The amount relates to payments made to football agents between 2012 and 2015.Embed from Getty Images
Barcelona has been hit with a significant financial blow as the National High Court has dismissed the club's appeal, upholding the Central Economic Administrative Court's (TEAC) verdict that mandates the club to pay 23 million euros to the tax authorities.
This penalty stems from the income associated with payments made to football agents over the period from 2012 to 2015. Despite this setback, the storied Catalan club remains steadfast in its belief of acting within its rights and is preparing to challenge the decision at the Supreme Court, marking the final legal recourse available to them.
The crux of the dispute hinges on the nature of the payments made to players' agents. The TEAC has interpreted these transactions as constituting dependent work, thereby necessitating withholding tax at the point of payment. Barcelona, however, contends that these payments were compensation for services rendered by the agents to the club itself, arguing that they should not be classified as player remuneration.
An examination conducted by the tax inspection has unveiled that the club's payments to agents were effectively made on behalf of and for the benefit of the athletes, who are the ultimate beneficiaries of the agents' services. This contradicts Barcelona's assertion that the agents were providing services directly to the club. Instead, the inspection found evidence suggesting that the relationship between Barcelona and the agents was essentially a facade to disguise payments intended for the players. According to the ruling, this arrangement was primarily a means for the club to compensate players indirectly, thereby obscuring the true nature of the transactions and their associated tax liabilities.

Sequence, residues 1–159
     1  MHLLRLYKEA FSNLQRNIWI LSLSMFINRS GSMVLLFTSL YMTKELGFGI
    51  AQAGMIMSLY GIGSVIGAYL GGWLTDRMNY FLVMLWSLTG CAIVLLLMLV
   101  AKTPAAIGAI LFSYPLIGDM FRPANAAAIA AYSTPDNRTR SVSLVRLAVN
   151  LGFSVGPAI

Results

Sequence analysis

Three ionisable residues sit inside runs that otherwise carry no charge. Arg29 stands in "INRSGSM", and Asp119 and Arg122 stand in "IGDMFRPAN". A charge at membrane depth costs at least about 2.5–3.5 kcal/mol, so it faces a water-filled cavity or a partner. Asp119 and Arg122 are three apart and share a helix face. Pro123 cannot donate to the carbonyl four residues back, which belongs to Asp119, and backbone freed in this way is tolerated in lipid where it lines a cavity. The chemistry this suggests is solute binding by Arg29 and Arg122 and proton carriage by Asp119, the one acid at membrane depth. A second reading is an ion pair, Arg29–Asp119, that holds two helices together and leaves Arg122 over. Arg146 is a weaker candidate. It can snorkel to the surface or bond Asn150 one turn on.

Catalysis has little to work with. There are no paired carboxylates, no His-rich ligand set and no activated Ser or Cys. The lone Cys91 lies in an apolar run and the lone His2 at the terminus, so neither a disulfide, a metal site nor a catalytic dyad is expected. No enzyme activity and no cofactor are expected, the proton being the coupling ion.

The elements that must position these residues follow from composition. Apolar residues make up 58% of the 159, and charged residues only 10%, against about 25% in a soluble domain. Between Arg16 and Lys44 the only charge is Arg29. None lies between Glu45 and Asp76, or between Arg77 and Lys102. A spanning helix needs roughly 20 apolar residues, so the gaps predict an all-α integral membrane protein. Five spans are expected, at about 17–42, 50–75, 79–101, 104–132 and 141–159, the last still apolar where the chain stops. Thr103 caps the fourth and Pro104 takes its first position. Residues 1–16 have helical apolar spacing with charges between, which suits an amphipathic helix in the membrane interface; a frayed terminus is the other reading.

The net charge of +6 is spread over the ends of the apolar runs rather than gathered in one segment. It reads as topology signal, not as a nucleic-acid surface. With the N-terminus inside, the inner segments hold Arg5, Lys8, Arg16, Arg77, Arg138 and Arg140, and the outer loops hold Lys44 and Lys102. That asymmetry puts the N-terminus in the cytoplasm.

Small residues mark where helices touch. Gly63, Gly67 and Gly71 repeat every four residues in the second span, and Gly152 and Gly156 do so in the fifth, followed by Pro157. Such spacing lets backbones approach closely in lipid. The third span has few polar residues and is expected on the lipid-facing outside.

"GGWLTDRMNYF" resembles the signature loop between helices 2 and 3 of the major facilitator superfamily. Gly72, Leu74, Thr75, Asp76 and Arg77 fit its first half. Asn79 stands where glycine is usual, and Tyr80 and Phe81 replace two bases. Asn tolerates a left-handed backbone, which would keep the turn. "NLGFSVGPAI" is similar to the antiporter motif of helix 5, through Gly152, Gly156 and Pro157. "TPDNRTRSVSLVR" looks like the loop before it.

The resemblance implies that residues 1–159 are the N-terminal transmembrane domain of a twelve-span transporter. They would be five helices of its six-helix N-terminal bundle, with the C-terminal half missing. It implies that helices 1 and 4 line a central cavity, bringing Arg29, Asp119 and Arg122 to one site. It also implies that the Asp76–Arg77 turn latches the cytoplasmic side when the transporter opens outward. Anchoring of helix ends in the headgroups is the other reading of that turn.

The ruling further elaborates that such practices give the misleading impression that the club is compensating agents for non-existent services when, in reality, it is a mechanism to remunerate players for their contributions to the club. This indirect payment method has significant implications for various tax domains, including Corporate Income Tax (IRC), Value Added Tax (VAT), and Personal Income Tax (IRS), leading to a distortion of the taxable base for these entities.
This legal confrontation sheds light on the complex interplay between sports entities, their financial practices, and tax regulations. Barcelona's decision to take this matter to the Supreme Court underscores the high stakes involved and the broader implications for how football clubs manage their financial operations, particularly in their dealings with players and their representatives. As the case progresses, it will undoubtedly attract attention from the sports world, legal experts, and tax authorities, given its potential to set a precedent for similar disputes in the future.